Ct-, ΔCt- and ΔΔCt-values were calculated by the SDS-software (Applied Biosystems), and the threshold was set automatically, 18S was used as a calibrator sample. The generated files were exported to Microsoft™ Excel® and the additional graphs were added in.
The curves of relative quantification of gene expression did not show consistent tendencies
In the first part of the experiment, in which blood samples were spiked with 0, 10, 100 and 1000 cells of various breast cancer cell lines (Cama-1, MDA-MB231, MCF-7 and ZR-75-1), the relative quantification curves for each cell line were similar for CK18 and 19. With the exception of Cama-1, a decrease was detected for the cell lines between the values of 10 and 1000 cells added (Fig. 1A and B).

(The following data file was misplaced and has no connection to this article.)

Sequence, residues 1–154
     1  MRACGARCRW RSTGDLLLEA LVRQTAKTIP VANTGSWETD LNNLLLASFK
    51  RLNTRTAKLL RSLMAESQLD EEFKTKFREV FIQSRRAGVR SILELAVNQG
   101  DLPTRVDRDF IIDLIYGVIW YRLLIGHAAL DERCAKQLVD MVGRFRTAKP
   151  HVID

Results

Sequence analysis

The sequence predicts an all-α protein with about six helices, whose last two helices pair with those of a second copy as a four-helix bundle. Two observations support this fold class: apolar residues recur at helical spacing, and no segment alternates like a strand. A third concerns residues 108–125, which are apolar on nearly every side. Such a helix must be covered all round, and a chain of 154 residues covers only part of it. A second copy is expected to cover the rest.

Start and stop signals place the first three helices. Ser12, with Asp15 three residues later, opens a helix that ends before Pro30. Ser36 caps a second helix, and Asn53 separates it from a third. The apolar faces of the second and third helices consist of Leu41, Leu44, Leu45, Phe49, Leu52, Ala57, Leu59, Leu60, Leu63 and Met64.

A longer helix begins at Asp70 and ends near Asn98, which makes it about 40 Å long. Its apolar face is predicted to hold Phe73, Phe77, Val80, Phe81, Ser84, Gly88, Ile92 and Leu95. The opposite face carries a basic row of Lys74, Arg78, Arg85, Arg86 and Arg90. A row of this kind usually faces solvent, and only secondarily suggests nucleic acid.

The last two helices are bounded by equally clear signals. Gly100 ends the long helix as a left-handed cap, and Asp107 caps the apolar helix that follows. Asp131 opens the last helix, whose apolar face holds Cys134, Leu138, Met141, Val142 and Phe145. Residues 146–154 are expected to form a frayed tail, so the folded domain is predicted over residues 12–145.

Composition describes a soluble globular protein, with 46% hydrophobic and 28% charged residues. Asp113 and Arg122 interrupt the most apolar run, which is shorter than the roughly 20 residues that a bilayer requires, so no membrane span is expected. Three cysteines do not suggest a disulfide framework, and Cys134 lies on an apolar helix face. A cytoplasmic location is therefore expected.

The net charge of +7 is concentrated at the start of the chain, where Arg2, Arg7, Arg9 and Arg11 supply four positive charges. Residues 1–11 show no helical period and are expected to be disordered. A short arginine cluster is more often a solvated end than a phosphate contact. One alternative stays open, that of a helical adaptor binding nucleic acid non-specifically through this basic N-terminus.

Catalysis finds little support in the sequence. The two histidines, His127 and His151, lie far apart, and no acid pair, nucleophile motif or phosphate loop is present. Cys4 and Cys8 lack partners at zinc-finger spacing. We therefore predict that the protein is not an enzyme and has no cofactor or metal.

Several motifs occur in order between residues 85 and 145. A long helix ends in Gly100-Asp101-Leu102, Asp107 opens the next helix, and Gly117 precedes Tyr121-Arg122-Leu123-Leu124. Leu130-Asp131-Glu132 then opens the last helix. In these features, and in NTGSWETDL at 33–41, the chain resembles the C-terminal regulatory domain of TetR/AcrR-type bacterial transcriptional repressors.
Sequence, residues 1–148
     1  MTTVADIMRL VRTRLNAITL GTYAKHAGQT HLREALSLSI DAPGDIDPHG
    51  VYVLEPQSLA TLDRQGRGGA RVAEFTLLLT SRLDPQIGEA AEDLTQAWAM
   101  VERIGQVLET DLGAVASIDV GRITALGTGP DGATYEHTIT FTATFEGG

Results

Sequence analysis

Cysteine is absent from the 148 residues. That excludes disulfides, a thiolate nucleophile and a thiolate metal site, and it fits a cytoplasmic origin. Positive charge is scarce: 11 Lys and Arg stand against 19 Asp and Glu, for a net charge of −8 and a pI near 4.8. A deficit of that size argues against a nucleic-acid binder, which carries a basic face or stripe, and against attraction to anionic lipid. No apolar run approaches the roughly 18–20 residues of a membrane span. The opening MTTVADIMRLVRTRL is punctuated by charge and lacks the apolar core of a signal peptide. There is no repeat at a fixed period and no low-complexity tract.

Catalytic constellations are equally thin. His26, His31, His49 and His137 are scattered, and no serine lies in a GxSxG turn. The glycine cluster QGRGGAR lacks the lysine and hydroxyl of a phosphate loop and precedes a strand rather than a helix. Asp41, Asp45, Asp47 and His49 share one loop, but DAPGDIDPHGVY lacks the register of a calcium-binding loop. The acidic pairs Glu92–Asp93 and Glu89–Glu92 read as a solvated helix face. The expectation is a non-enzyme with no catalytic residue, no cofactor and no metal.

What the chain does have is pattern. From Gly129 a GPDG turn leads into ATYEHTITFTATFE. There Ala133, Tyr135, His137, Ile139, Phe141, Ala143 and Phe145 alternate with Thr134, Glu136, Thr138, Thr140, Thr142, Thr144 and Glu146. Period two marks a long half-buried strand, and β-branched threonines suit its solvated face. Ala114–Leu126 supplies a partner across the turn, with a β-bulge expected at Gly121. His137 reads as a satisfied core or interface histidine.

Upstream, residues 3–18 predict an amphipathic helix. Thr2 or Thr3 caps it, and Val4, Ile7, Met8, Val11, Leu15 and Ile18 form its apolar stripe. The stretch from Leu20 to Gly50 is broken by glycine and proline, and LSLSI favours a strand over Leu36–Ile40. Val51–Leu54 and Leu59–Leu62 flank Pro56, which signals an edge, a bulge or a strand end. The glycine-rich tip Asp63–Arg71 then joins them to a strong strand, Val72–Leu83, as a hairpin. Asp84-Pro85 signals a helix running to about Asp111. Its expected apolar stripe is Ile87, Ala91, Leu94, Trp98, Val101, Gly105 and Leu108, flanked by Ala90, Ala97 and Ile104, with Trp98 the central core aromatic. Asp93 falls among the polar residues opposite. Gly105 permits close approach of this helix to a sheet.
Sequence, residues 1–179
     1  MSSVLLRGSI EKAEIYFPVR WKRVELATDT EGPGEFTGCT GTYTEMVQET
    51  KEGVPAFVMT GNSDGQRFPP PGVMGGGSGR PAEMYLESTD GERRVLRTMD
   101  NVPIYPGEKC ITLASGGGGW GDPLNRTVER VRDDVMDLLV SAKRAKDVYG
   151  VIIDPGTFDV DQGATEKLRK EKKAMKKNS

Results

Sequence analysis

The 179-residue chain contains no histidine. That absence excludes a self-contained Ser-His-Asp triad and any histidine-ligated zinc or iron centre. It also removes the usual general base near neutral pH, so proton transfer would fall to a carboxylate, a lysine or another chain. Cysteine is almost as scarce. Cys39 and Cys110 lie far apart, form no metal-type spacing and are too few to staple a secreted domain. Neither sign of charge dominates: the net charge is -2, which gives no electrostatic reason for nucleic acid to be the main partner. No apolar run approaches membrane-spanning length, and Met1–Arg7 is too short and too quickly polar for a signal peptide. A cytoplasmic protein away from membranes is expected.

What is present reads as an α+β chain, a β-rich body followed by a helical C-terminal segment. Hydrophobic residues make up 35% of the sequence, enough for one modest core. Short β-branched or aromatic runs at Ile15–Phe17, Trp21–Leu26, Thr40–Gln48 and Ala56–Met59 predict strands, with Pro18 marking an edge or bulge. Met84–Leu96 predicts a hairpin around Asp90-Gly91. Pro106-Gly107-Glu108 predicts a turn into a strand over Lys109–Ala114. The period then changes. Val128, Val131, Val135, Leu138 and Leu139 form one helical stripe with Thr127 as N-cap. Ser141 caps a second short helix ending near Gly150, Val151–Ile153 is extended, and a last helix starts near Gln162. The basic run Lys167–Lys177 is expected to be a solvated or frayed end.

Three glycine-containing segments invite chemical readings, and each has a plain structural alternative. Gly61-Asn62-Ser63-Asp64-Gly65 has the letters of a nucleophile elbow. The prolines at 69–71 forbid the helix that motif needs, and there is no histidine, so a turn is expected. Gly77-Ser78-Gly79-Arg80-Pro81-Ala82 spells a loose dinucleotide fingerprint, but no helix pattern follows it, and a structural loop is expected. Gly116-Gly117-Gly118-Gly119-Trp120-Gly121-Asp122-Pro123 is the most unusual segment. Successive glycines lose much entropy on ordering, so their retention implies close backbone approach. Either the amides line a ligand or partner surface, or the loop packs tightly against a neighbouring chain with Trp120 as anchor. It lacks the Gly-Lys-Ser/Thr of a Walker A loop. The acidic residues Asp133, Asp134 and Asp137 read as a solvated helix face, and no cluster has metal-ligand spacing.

Relative quantification of (A) CK18 and (B) CK19 in the breast cancer cell lines Cama-1, MDA-MB-231, MCF-7 and ZR-75-1.
The strongest decrease was observed for MDA-MB-231. In this cell line, the curve of relative quantification of gene expression was already on the decrease between 10 and 100 cells added and was, notably, not increasing for 1000 cells added to the blood sample. A slight decrease was detected between 10 and 100 cells per blood sample for the ZR-75-1 sample that was maintained until 1000 cells. The MCF-7-cells showed an increase in the relative quantification values between 10 and 100 cells, although the curves again showed a decrease towards the 1000 cell sample. In the Cama-1 sample, a slight decrease was detected, from 10 to 100 cells. However, an increase was observed from 100 to 1000 cells of the added cell line.